As shown in FIG. 5, the first frame 16 is rotatably supported by a bearing 30 and a Teflon bushing 31 on the second frame 20. The two hook members 12, 14 are pivotally mounted about axes 32, 34 and are fixed to gear segments 36, 38. The gear segments are portions of worm gears, and are engaged with a worm 40. The worm 40 is driven by a reversible motor 42 which is mounted on the second frame 20, so that the motor 42 does not rotate about the axis 18 when the first frame 16 and the hook members thereon rotate. The shaft 44 of the first motor 42 is coaxial with the longitudinal axis of rotation 18, and is coupled to a speed reducer 46 which is fixed to the first frame 16 and which drives the worm 40.
The fact that the motor shaft 44 is coaxial with the axis of rotation 18 of the first frame, means that the first frame can rotate even though the motor 42 is fixed to the second frame. The fact that a worm 40 drives the gear segments fixed to the hook members, means that the hook members are "locked" to any position to which they are pivoted, so that they can be held in that position without continuing energization of the motor 42. The fact that the speed reducer 46 is mounted on the first frame 16 to pivot with the worm 40, means that when the first frame 16 is rotated about the axis 18, only a very small retarding torque is applied by the de-energized first motor 42. If the speed reducer were mounted on the second frame 20, then it would apply considerable retarding torque to the worm 40 when the worm and first frame rotated, and this retarding torque could cause rotation of the worm which could cause the hook members to move apart or together. Of course, the fact that the first motor 42 is not mounted on the first frame 16, means that simple wires can be connected to it, even though the first frame 16 may rotate many revolutions about the axis 18.
The mechanism for turning the first frame 16 with repsect to the second frame 20, includes a second motor 50 which is fixed to the second frame 20. As shown in FIG. 6, the second motor 50 drives a worm 52 that drives a worm wheel 54. The worm wheel 54 turns a shaft 56 to which another worm 58 is fixed. The worm 58 drives a worm wheel 60 that is fixed to the first frame 16, as shown in FIG. 5. The worm wheel 60 surrounds and is coaxial with the first motor shaft 44 and the output shaft of speed reducer 46. When the motor 50 is energized, it turns the worm wheel 60 to slowly rotate the first frame 16, the direction of motor energization determining the direction of first frame rotation.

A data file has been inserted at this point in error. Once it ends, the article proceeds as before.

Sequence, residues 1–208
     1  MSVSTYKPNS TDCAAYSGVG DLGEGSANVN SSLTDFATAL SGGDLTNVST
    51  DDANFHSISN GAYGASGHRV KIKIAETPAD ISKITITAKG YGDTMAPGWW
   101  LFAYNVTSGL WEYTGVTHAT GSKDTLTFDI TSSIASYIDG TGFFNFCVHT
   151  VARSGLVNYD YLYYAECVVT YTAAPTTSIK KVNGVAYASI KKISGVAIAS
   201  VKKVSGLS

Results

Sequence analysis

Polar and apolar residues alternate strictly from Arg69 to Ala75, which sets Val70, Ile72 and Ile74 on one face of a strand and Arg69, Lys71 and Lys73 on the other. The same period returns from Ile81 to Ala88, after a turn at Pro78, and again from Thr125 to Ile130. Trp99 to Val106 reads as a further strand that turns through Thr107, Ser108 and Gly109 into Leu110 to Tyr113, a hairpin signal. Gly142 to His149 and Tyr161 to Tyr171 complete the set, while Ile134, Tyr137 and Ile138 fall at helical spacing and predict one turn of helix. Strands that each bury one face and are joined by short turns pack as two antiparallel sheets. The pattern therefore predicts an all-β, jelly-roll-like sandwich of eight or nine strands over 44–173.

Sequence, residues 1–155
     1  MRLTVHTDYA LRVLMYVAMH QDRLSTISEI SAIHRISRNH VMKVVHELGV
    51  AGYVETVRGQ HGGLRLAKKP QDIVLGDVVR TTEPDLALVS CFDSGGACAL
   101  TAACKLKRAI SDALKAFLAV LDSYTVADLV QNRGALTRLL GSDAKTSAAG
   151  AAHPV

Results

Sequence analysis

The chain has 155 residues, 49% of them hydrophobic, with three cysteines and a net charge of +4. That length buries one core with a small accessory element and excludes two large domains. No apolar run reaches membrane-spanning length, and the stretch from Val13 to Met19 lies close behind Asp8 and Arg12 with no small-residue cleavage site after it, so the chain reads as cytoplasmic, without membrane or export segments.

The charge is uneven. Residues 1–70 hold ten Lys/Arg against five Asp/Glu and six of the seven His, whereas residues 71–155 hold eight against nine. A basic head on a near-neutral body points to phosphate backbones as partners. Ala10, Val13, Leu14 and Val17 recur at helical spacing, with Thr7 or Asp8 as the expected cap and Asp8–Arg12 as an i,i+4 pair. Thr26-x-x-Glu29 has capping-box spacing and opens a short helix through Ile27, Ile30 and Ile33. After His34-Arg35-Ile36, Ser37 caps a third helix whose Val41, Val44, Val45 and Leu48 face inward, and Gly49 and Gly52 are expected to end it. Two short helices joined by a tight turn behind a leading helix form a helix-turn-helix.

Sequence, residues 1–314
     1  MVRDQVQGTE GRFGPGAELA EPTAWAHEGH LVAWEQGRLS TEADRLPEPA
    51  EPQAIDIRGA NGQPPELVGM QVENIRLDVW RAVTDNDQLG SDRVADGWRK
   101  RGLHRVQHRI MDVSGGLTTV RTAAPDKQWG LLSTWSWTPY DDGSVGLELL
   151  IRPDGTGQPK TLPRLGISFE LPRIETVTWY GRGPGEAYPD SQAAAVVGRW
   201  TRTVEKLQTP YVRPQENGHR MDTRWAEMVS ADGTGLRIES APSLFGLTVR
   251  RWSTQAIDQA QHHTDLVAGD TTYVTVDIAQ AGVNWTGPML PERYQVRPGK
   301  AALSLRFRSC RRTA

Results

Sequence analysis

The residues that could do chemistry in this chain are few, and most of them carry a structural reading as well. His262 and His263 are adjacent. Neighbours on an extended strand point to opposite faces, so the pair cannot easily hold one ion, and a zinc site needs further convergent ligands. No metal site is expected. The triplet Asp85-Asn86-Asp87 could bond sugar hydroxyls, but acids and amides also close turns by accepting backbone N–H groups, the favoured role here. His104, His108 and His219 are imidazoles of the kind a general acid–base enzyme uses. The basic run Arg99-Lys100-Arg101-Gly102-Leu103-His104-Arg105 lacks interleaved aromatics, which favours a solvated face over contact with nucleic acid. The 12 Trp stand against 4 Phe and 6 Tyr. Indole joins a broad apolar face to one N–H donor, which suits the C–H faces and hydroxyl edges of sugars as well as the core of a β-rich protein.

As mentioned above, the second frame 20 can pivot about the lateral axis 22 to simulate flexing of a hand with respect to the forearm up to 90° to either side. As shown in FIGS. 3 and 4, pivoting about the axis 22 is accomplished by the third motor 70 which is fixed to the third frame 24, and which drives a worm 72. The worm 72 is engaged with a worm wheel 74 that is fixed to a shaft 76 that is, in turn, fixed to the second frame 20. Thus, when the motor 70 with a gear box portion 78 is energized, it turns the second frame 20 about the axis 22 to cause the second frame to pivot in a motion simulating flexing of a hand with respect to the forearm. Of course, during such pivoting about the axis 22, the hook members 12, 14 may be turned to any direction with respect to the axis 22.
The three motors 42, 50 and 70 are high efficiency miniature types which are typically elongated along the axis of rotation of the motor shaft. All three of the motors are oriented with their axes parallel to axis 18 about which the first frame rotates on the second one, to limit the width of the artificial hand. As shown in FIG. 2, the first motor 42 is located between the arms 80, 82 of a yoke of the third frame 24. The second frame 20 has a pair of arms 84, 86 that lie outside the yoke arms 80, 82 to leave space for the motor 42.
Thus, the invention provides an artificial hand which is compact and of relatively simple construction. This is accomplished by utilizing three frames, the first frame pivotally supporting a pair of hook members and being rotatable without limit on the second frame, the second frame supporting a first motor that pivots the hook members and a second motor that rotates the first frame on the second, and with the second frame being pivotable on the third frame. The mounting of the hook-pivoting motor on the second frame with its shaft coaxial with the axis of rotation of the first frame on the second, and with the speed reducer which is driven by the first motor mounted on the first frame, results in free rotation of the first frame on the second without significant drag from the first motor. In addition, the first motor does not have to rotate without limit and therefore flexible wires can be utilized to supply current thereto. By mounting the motors close to the elements they drive, complex gearing arrangements are avoided, and yet close control of movements of the arm are effected.
Although particular embodiments of the invention have been described and illustrated herein, it is recognized that modifications and variations may readily occur to those skilled in the art, and consequently, it is intended that the claims be interpreted to cover such modifications and equivalents.